Some of the other thoughts contained in the strategy seem like just that — thoughts, not plans. For instance, “The Department of Homeland Security will introduce a new systematic approach for utilizing pertinent external, non-governmental analysis and information that will provide enhanced situational awareness of today’s domestic terrorism threat.” Huh? Will DHS outsource social media analysis to the private sector? Will it deputize Facebook to tell it when someone is sounding particularly scary? Is this an attempt to get around existing rules about government spying on private communications? We don’t know because the details are missing. That makes this plan less of a blueprint and more of a composite sketch.
Most of all, the strategy falls far short of calling for what might be the single most effective component to countering domestic terrorism: legislation that would make it illegal, which it is currently not. And there’s where the document gets particularly contorted. The strategy devotes an entire strategic goal (1.3: Illuminate Transnational Aspects of Domestic Terrorism) to figuring out, or shall I say “illuminating,” the “international dimension” to our domestic terrorism threat by “implementing more robust information exchanges with foreign partners.”
This does need to happen. But here’s the thing: One of the major reasons cited for wanting to explore international components to our problems at home is that — wait for it — there are laws against international terrorism.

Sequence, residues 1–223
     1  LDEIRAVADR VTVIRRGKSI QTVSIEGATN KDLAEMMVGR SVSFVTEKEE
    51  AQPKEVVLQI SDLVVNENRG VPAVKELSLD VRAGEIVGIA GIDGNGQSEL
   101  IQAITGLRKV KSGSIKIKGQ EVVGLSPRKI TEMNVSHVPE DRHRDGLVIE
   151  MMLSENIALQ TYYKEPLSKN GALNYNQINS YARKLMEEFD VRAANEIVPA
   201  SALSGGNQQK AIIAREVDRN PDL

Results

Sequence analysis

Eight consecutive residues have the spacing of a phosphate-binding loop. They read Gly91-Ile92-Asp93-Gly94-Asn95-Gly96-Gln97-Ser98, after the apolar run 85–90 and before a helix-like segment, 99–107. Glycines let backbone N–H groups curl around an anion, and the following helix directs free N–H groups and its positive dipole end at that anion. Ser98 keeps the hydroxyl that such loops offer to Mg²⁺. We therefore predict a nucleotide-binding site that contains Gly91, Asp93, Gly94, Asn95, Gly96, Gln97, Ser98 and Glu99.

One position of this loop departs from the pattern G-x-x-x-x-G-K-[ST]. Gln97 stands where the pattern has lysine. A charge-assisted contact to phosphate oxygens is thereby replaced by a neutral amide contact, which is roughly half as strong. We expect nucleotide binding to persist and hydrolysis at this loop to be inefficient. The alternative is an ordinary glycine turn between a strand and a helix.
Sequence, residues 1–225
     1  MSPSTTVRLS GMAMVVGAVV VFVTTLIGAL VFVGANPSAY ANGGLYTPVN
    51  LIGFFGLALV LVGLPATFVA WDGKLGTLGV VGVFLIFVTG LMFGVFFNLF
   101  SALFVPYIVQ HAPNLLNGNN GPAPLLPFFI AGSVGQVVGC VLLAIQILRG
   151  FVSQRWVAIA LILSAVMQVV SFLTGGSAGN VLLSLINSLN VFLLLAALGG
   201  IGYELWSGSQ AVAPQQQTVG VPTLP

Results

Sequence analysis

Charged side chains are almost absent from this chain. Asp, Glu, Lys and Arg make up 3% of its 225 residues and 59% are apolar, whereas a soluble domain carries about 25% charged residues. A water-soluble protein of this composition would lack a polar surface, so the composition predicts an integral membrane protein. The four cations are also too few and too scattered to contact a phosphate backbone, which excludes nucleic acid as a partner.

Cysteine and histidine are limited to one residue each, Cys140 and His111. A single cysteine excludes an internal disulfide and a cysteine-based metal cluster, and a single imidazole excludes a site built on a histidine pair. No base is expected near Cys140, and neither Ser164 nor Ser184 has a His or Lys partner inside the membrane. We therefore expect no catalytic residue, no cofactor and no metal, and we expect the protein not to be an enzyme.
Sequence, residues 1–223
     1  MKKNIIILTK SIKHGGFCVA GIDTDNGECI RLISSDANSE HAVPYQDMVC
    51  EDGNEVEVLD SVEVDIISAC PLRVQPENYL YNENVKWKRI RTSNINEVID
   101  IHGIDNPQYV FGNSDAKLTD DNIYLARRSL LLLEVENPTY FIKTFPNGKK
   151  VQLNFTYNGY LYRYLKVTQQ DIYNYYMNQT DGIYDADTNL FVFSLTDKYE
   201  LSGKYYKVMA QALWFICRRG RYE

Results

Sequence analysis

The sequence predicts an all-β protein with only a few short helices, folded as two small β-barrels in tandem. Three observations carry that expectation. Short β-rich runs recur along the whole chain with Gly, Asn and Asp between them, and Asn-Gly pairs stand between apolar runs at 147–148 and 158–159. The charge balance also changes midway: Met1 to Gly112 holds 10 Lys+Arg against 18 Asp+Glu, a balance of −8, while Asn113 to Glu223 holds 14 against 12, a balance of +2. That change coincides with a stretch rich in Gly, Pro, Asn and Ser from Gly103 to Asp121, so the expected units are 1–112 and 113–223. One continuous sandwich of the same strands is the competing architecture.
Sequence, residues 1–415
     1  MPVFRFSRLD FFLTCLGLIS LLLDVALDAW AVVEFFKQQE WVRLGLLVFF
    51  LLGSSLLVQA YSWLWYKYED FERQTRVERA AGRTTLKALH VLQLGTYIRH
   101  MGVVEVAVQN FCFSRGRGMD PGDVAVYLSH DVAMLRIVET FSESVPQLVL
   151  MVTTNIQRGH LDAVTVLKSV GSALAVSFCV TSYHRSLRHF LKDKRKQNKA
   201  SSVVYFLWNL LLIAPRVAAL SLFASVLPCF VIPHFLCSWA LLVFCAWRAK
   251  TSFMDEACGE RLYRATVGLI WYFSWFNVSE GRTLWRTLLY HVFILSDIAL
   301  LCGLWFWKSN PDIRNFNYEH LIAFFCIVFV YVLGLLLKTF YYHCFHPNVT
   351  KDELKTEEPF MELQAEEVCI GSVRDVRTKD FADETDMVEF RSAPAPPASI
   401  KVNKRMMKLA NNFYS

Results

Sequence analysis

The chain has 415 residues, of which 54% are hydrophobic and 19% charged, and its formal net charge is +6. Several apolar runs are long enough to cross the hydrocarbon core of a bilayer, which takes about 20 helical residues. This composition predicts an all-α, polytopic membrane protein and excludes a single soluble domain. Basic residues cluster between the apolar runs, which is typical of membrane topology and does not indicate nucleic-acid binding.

This strategy does nothing to give investigators and prosecutors what they really need.
This approach, according to the strategy document, will “allow us to bring to bear relevant authorities and tools specifically focused on international terrorism. When domestic terrorism threats become international through connectivity to foreign actors or otherwise, the full range of tools applicable to understanding international terrorism threats become potentially available, such as intelligence collection tools.”
In other words, those tools still aren’t available without the international component. This strategy does nothing to give investigators and prosecutors what they really need.
But not to worry. There’s also a whole strategic goal (3.2: Assess Potential Legislative Reforms) that tells us that DOJ is really going to spend some time thinking about whether maybe, possibly, we might need to study whether we should have some laws against domestic terrorism: “Therefore, even as we augment our approach to domestic terrorism under existing authorities, the Department of Justice is examining carefully what new authorities might be necessary and appropriate.”
Strangely, the authors imply they don’t really even know what the existing laws are:
As with the rest of this Strategy, we are ensuring that such examination is driven by the facts and informed by the analysis of the experts who can guide our understanding of both the current authorities for addressing domestic terrorism threats and the implications for civil rights and civil liberties of pursuing any changes to those authorities.
Then, and only then, the White House says, “We will, in consultation with the Congress, consider whether seeking legislative reforms is appropriate and, if so, which to pursue.”
The domestic terror threat is serious. Now we just need a strategy that’s just as serious: one that makes domestic terrorism a crime.